The U.K.’s Royal Mail more than tripled first half earnings to $105 million, as increased profits from its European express unit offset losses on domestic letter deliveries.
The state-owned postal company, which is being primed for privatization, boosted operating profit from $34.5 million in the first six months of 2010, while revenue rose 6 percent year-over-year to $7.2 billion.
General Logistics System, which deliveries parcels in 42 European countries, increased profit to $91 million from $80 million on revenues of $1.22 billion against $1.1 billion a year earlier. This more than offset a $22 million narrower loss of $64.4 million on domestic letter and parcel deliveries, where Royal Mail competes with private companies.
The company’s post office branch network lifted profit to $83.4 million from $28.3 million.
“The necessary measures we implemented earlier in the year – increasing our prices and tight cost control – are a key part of our strategy to return Royal Mail to sustained financial viability,” said CEO Moya Greene. “They are beginning to deliver results. But, we have a great deal to do.”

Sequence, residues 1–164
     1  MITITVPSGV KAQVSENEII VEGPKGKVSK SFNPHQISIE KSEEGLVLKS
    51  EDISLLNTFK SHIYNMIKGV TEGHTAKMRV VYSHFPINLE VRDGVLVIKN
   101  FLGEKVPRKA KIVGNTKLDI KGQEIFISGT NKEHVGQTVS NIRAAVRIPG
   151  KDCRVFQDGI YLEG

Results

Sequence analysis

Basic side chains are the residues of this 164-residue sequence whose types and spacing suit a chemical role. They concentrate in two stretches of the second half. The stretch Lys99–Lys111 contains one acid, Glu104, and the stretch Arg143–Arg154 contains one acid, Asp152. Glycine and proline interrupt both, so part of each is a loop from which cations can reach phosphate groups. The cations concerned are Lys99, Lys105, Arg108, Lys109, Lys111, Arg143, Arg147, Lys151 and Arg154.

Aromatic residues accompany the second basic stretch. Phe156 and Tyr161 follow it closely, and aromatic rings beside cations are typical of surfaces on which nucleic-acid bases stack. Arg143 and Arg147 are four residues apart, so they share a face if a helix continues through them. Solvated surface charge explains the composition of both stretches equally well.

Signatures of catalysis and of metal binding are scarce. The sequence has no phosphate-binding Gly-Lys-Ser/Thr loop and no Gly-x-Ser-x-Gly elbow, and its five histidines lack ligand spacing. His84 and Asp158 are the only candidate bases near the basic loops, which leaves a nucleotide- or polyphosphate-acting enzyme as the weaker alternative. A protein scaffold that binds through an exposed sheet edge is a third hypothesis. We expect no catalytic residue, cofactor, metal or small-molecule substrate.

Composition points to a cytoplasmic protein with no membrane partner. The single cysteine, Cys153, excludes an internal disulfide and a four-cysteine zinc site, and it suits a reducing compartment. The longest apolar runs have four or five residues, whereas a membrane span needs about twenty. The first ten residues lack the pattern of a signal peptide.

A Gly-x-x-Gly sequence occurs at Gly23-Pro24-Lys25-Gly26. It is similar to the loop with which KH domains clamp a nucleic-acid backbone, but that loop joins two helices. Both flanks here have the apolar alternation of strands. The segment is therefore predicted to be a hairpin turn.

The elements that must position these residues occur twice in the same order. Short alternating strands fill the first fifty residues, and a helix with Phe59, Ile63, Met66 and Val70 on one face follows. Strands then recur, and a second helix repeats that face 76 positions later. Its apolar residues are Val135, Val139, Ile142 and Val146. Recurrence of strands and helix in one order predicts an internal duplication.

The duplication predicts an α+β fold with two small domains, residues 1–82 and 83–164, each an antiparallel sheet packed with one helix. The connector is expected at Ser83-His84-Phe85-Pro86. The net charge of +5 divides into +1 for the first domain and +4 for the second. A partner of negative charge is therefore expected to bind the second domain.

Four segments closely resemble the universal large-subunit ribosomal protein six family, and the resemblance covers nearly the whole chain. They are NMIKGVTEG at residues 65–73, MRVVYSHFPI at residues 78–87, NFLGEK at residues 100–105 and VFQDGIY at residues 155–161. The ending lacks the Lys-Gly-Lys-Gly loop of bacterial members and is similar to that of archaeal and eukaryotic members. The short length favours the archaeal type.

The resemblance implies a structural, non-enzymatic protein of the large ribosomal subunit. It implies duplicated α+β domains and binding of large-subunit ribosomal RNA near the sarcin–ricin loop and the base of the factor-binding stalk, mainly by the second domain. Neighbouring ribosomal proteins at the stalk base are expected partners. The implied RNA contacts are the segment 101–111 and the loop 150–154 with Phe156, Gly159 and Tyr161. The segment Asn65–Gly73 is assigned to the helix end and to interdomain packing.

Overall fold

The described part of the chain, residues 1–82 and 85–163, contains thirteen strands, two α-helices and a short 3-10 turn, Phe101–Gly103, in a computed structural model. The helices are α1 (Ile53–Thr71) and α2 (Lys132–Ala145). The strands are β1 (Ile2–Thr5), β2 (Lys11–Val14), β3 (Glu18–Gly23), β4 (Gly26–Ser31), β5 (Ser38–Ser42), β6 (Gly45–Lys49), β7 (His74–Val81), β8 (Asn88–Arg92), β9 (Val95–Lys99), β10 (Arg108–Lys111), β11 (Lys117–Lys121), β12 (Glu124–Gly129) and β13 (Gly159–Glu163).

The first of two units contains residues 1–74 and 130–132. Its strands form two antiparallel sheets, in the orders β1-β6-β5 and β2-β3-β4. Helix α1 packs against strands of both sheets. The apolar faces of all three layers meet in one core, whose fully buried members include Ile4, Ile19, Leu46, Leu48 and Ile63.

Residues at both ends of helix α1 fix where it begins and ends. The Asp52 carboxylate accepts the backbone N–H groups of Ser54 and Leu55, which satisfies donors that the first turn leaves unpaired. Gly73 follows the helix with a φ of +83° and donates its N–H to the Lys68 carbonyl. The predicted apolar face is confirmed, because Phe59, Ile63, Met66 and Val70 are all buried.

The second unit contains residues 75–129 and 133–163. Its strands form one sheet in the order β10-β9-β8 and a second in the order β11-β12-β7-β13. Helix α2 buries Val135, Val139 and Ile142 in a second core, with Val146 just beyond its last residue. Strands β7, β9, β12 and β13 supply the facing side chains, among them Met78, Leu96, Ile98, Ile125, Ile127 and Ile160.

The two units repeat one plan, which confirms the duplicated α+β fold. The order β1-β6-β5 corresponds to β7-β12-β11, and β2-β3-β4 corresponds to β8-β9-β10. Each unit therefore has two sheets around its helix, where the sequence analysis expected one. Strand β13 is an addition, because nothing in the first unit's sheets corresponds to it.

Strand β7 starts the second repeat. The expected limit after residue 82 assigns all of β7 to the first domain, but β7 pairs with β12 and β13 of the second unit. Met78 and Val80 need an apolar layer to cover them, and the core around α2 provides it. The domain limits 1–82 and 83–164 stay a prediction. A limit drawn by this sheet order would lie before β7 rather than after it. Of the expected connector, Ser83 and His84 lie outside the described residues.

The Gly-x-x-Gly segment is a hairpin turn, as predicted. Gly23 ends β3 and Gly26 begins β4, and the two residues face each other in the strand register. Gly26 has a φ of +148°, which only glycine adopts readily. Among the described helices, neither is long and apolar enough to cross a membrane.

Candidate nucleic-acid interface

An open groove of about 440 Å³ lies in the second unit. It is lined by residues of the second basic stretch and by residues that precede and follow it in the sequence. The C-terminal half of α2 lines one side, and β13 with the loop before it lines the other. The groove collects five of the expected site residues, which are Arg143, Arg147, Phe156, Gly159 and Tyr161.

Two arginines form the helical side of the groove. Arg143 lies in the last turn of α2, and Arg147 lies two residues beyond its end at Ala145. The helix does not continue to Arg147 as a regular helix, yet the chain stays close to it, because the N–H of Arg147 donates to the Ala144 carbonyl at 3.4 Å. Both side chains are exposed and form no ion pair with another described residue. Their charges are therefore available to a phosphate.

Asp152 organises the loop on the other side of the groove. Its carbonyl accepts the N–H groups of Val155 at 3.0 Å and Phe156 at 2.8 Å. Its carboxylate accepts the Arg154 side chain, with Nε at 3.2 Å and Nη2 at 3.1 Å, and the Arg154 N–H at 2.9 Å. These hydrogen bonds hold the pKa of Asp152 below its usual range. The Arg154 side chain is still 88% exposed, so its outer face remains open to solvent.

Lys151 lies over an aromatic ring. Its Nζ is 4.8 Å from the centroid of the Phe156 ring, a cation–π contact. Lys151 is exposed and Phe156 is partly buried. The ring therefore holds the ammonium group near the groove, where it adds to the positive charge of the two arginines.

The government has passed legislation to privatize the 361 years old Royal Mail but has yet to decide between a stock market flotation or a sale to a strategic investor or private equity. Timing of the sale depends on the government securing approval from European Union regulators to significantly reduce Royal Mail’s $2.8 billion debt and take over its historic pension deficit of about $7.2 billion.
Greene said privatization is unlikely before 2013 because progress has to be made on many issues.
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